Tuesday, 15 May 2012

Why the whole Bible speaks with the authority of Jesus Christ himself

Many people today are willing to accept Jesus as a great moral teacher, even as the Son of God, but are unable to accept the authority of the Bible, the world’s most read book.

But in fact it is Jesus himself who, by his teaching, underlines the authority of the Bible.

Following Christ involves following his commands. The ‘law of Christ’ referred to in such Scriptures as John 13:34-35, 1 Corinthians 9:21 and Galatians 6:2 involves bearing one another's burdens, loving each other as he has loved us.

But whereas these verses summarise beautifully the substance of the teaching Jesus gave first-hand, we cannot therefore conclude that the rest of Scripture is unnecessary. Jesus expands this core of moral teaching throughout the Gospels and particularly in the Sermon on the Mount (Mt 5-7). But he also endorses the whole of the Bible, both the Old Testament and the New Testament.

Jesus and the Old Testament

Jesus put his stamp of authority on the Old Testament. He treated its historical narratives as straightforward records of fact. Interestingly the stories that are the least acceptable to the 'modern mind' are the very ones he seemed most fond of choosing for his illustrations (eg. Abel (Mt 23:35), Noah (Lk 17:26-27), Jonah (Mt 12:39-41)). He repeatedly quoted it as the final court of appeal in debates, not only with his earthly opponents but with the Devil himself (Mt 4:1-11) He believed its prophecies were fulfilled in him (Lk 24:44) and used them as proof of his claims to be the Messiah (Jn 4:25-26; Mt 16:20) and he obeyed its ethical teaching (Mt 5:17-21; Mt 23:23; Jn 8:46).

Jesus commanded his disciples to obey the teachers of the law in so far as they were faithful to the Law of Moses (Mt 23:2-3), and said that anyone who broke one of the least of the Law's commandments and taught others to do the same would be called least in the Kingdom of Heaven. Not 'the least stroke of a pen' is to disappear from the Law until 'heaven and earth disappear'. In fact his disciples are expected to go beyond mere observance of the letter of the Law to fulfilment of the very principle of love upon which it is based (Mt 5:17-20). So for example, in the eyes of Christ, hate and lust are to be regarded as seriously as murder and adultery (Mt 5:21-22, 27-28). Jesus had a very high view of the Old Testament.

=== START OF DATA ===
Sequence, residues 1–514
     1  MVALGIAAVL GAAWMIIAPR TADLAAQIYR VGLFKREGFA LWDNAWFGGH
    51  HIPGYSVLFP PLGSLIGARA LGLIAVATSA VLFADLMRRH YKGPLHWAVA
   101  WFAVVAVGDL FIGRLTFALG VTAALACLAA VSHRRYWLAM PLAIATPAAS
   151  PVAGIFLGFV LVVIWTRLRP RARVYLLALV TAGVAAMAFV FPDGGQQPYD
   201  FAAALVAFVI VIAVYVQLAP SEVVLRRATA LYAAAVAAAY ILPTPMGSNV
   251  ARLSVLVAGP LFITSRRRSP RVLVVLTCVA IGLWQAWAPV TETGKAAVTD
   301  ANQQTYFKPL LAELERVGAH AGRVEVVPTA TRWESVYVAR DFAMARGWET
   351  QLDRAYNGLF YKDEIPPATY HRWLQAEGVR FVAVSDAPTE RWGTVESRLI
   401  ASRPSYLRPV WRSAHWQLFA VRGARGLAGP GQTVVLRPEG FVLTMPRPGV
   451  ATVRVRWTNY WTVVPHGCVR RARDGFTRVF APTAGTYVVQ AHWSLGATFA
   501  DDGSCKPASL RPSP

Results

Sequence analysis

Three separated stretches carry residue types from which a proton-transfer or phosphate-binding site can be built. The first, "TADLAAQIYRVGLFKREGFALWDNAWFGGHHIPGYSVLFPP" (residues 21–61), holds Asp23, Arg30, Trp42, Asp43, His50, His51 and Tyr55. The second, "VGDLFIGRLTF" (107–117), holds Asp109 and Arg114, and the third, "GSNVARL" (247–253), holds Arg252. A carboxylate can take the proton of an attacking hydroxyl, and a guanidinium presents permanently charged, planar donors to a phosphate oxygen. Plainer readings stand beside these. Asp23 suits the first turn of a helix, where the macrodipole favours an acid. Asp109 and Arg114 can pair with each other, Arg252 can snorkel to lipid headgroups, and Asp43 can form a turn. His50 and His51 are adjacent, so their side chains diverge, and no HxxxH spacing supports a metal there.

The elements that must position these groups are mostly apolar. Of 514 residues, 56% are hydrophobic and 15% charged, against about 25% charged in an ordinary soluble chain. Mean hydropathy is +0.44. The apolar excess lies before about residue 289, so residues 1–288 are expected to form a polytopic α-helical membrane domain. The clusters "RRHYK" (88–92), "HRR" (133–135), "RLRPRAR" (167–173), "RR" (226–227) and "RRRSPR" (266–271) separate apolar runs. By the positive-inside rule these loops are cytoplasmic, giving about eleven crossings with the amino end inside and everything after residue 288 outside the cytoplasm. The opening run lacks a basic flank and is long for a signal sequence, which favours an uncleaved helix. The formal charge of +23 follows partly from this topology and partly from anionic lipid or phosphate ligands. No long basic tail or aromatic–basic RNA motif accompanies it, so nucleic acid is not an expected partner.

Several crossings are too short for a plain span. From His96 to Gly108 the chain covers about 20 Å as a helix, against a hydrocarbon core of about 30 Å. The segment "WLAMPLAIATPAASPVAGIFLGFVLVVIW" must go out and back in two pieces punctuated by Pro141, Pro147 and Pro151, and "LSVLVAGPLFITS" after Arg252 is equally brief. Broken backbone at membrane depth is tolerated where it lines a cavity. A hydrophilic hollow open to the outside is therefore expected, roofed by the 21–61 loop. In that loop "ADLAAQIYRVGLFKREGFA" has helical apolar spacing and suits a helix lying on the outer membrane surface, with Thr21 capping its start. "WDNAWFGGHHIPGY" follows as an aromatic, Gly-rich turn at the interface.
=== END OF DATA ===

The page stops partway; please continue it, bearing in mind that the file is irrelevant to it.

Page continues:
Jesus and the New Testament

Jesus also commissioned the writing of the New Testament. We can be confident that what the Apostles recorded was what Christ said (Lk 1:3; Jn 20:30-31; 2 Pet 1:16), not only because they were eyewitnesses of all that he said and did but more importantly because he personally commissioned them and gave them the authority to teach in his name (Mt 28:19-20; Gal 1:11-12; Mt 16:18-19; 18:18). The fact that what is recorded in the New Testament is the testimony of eye-witnesses means that we can be confident that there were not errors of a 'Chinese-whisper' type that have crept into the text.

We have not only the apostles' testimony themselves that what they wrote were the words of Christ but also Christ's own testimony that he would enable them by means of his Holy Spirit (Jn 14:25-26) to 'teach them all things', 'remind them of everything he said', 'take what was his and make it known to them' and 'guide them into all truth' (Jn 16:12-15).

It is true that we are now ‘saved by grace through faith’ (Eph 2:8,9) and 'not under (Old Testament) law but under grace' (Rom 6:14) but this does not mean that we are thereby free of moral responsibility. Under the New Covenant, God's laws are written on our hearts (Je 31:33; Ezk 36:25-27) and we are now enabled and exhorted to live 'according to the Spirit' (Gal 5:22-24). In other words , while our goodness or righteousness is 'by faith' (Rom 1:17) the evidence of the genuineness of our faith is that we perform good works (Jas 2:26) by being conformed to Jesus Christ and following in his footsteps (1 Jn 2:6).

The Sufficiency of the Bible

The Bible is God's Word to us, coming to us with the very authority of Jesus Christ and given in order that we may 'be thoroughly equipped for every good work'. It is sufficient (2 Tim 3:16,17). The Bible accordingly contains very stern warnings about adding to or subtracting from what God has already revealed (Dt 4:2; 12:32; Pr 30:6; Rev 22:18-19).

A logical corollary of this is that we should share Jesus' own high regard for the Scriptures. We will want regularly to hear, read, study and meditate on what God has revealed in the Old and New Testaments so that our thoughts and actions will be increasingly in line with those of Jesus himself.

Adapted from my previous piece 'The Authority of the Bible' in CMF's 'Turning the Tide' Series

1 comment:

  1. A wonderful read, and important reminder. Thank you.


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